Monday, May 20, 2013

On hyperconsent

I first heard the term "hyperconsent" on a couch while my fingers ran along a new friend's collarbones. It wasn't her place — her city, even — but she seemed perfectly at home on the couch cushions the same way that the weary are lying down at a long day's end. The air was thick with the intermingling scents of incense and goon, and the taste of the latter still weighed heavy on my tongue (we'd had just enough to stain our lips slightly red).

She and I spoke in hushed tones, trying not to disturb the flat's usual inhabitants, who'd excused themselves to bed not much earlier.

"Is this okay?"

"Is what?"

"Touching. Here."

The answer was yes.

We were in varying states of undress. She was in scarely more than the brassiere and loose-flowing top she'd been wearing all night. I was still layered in jacket and shirt and scarf and jeans, and (if memory serves) hadn't gotten around to removing my shoes either.

(There's something interesting in the erotic symbology of overdressed vs. under-; of measured words and catlike grace vs. dilated pupils and increasingly ragged breath. That's not for this post, though.)

As I said. I asked her, may I do this?; I asked her, is this okay?

"It's good that you do that," she said. "Asking. Hyperconsent."

I am immensely glad to have grown up in a world where we can have this kind of discourse. If I'd been born eighty years earlier, I might have made it to the age of twenty-one believing that there was no such thing as rape between husband and wife. The thought freaks me the fuck out.

There are a lot of young boys out there who haven't had the opportunities I've had, who've never had the chance to hear narratives about gender that aren't prince-saves-princess stories, kitchen jokes, sitcoms about nuclear families, or send-ups of straw feminists. And some of them?, they're not going to grow up to be good people. And though whatever damage they may inflict upon their fellow human beings will be their fault, what won't be their fault will be the ossified worldviews that cause them to think that they're doing nothing wrong. That one will be on their parents. Their teachers. Their sporting heroes. They won't have had a chance to avoid it.

And that scares me. A lot.


Meaning, from the few contexts I've seen it used, consistently and carefully checking for consent.

What exactly is the alternative there?

It bugs me that there's a word for that. Or at the very least, it bugs me that the word is "hyperconsent". Prefix "Hyper-". As in above, beyond, excessively. "Hyperactive" and "hypersensitive" describe medical symptoms. "Hyperenergetic" means "energetic to an extreme". Language conveys a lot of subliminal meaning, and if we don't scrutinise words like this where their messaging is staring us right in the face, we are in for a world of trouble later down the line.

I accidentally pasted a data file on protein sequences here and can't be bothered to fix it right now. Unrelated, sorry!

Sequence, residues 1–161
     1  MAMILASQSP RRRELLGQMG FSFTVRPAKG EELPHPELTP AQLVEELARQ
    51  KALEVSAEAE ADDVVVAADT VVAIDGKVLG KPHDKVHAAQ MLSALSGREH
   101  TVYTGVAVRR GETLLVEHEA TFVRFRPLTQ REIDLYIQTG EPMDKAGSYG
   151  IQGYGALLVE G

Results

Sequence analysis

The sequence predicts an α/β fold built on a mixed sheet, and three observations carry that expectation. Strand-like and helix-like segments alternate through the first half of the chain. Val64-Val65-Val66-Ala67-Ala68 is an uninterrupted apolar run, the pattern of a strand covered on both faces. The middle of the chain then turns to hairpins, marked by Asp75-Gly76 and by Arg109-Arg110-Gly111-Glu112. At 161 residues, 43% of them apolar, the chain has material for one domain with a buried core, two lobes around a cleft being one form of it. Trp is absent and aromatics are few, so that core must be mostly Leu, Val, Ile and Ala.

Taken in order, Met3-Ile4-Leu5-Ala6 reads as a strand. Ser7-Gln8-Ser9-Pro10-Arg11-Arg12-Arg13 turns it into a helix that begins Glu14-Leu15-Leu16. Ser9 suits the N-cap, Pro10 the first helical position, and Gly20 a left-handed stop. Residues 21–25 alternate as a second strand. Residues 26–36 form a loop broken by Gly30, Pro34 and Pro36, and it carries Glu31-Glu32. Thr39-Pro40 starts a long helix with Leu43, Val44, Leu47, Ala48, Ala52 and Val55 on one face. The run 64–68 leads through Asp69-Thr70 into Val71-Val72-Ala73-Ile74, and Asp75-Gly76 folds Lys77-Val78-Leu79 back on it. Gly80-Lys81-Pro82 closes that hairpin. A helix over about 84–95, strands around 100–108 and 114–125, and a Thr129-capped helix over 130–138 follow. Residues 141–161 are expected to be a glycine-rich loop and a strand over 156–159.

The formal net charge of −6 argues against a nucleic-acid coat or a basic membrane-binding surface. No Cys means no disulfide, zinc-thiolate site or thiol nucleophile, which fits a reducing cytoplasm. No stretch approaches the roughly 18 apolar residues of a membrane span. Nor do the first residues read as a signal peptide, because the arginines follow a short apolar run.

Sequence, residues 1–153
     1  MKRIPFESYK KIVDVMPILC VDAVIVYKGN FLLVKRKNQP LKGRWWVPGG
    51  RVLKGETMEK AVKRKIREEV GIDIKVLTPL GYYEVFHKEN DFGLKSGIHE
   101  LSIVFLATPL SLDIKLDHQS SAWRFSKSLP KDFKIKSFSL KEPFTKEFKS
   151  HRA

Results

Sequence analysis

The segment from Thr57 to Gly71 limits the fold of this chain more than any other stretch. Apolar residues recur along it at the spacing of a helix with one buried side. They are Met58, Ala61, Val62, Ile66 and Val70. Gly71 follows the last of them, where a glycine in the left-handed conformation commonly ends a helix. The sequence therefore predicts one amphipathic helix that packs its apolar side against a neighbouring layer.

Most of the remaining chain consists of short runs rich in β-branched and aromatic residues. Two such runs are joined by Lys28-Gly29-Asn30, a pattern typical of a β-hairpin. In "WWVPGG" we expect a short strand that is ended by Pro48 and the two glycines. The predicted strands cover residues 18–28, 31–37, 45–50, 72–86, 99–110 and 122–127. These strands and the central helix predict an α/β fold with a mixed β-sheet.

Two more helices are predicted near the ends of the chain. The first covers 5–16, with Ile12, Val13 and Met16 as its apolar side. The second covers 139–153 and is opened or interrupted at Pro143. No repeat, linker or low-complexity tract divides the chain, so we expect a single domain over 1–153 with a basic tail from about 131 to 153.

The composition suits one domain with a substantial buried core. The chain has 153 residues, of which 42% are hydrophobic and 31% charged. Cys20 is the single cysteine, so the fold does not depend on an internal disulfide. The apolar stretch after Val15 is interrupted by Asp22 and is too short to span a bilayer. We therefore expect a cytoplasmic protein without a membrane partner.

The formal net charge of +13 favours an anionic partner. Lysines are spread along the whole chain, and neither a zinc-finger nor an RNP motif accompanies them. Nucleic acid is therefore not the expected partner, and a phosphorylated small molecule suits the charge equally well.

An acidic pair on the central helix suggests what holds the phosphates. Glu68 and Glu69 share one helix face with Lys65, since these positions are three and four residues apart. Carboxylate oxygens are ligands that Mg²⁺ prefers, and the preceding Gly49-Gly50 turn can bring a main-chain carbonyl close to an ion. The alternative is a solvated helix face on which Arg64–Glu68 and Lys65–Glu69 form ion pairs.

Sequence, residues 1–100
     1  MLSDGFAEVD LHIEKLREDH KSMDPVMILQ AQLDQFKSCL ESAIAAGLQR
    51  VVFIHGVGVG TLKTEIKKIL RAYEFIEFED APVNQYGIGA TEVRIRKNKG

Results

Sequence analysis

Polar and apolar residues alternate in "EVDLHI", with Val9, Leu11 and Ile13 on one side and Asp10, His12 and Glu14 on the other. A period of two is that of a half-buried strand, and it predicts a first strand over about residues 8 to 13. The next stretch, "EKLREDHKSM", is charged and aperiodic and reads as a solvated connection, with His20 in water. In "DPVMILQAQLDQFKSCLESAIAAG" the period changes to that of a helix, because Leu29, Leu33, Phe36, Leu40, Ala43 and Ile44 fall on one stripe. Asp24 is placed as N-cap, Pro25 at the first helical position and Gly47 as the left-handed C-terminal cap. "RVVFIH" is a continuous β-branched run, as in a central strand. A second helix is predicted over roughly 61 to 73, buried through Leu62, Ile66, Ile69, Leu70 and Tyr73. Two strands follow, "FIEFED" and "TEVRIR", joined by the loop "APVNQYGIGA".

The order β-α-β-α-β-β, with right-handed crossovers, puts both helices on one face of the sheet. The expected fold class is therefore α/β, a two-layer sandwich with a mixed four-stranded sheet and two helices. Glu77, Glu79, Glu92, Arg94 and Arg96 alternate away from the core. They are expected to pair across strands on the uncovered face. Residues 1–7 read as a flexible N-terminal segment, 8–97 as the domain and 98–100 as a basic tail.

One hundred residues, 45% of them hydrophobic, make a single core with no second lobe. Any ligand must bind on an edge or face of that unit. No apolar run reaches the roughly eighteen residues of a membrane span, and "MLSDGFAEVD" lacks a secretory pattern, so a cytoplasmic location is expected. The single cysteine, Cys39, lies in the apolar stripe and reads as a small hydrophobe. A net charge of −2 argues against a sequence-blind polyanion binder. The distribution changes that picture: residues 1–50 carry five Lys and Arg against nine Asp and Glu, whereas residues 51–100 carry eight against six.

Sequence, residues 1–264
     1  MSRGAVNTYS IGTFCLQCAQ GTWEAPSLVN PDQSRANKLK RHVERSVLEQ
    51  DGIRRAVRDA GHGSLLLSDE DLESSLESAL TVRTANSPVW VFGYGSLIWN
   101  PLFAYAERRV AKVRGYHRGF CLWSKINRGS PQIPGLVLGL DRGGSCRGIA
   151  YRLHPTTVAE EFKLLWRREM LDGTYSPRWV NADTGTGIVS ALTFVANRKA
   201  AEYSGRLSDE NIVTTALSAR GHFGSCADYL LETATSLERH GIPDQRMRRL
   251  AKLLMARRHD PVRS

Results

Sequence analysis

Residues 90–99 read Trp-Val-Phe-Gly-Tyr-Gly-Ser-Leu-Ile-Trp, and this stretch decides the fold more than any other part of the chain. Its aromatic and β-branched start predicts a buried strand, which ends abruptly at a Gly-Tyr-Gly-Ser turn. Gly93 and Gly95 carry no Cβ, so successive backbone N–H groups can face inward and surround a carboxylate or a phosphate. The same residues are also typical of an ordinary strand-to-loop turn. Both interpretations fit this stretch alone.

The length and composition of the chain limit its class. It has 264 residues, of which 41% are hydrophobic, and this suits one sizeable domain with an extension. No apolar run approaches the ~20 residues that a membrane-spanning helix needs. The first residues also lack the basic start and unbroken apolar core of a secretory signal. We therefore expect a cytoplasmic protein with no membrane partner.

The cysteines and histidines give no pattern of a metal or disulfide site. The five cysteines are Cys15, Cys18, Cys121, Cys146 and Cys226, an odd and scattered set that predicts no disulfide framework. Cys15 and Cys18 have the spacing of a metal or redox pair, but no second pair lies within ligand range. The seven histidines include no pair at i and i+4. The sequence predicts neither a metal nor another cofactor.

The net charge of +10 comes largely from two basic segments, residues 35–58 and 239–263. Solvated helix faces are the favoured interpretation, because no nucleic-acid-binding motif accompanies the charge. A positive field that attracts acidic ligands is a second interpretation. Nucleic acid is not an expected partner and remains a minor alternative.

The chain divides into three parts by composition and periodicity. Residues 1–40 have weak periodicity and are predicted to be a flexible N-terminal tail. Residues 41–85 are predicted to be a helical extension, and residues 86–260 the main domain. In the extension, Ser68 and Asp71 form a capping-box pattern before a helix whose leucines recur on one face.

"Hyperconsent". Does the "hyper-" stand for "making extra sure"? It makes it sound like common sense is an unusual case. It makes it sound as if treating other people how they wish to be treated could be taken to a pathological extreme.

If that's hyperconsent, what's mere "consent"? ("Well, they didn't say no, either..." springs to mind.)

And if consent includes at least asking someone whether they're okay with something, when you don't yet know them well enough to intuit what their non-verbal cues mean (and make no mistake, everyone is different; you can not infallibly intuit it two hours and four martinis after meeting someone, and even if you could avoid false positives 99% of the time, is that 1% chance of being a rapist really worth pretending to be a strong, silent "smooth operator" for?)... if consent means exactly what it says on the tin, then what then is hyperconsent? What is consent taken to an extreme?

(A flippant aside: perhaps meta-BDSM? Find a partner who really wants to be on the receiving end of a rape fantasy, restrain him/her/zir and then spend the rest of the night gently asking "is this okay, m'sweet?".)

In language and in life, checking for consent should be the baseline. And I'm not talking about token double binds like "can I put it in (or would you prefer I act passive aggressive for the rest of the night)?", I mean actual honest-to-all consent, no brow-beating, no duress, and checking for it whenever it's relevant, whenever a reasonable person could be concerned that you're about to cross a personal boundary. Touching him on the face. Touching her on the breast. Holding hands with your boyfriend in public for the first time. Giving your adorable three-year-old niece a wet kiss. It may (regrettably) not be the norm, but doing the right thing by your partner(s) should be the goddamn baseline. It should not be an unusual sexual preference. It should be what J. L. Austin calls a "trouser-word": noteworthy only when it is absent.

It should not mean the same thing when you prefix it with "hyper-".

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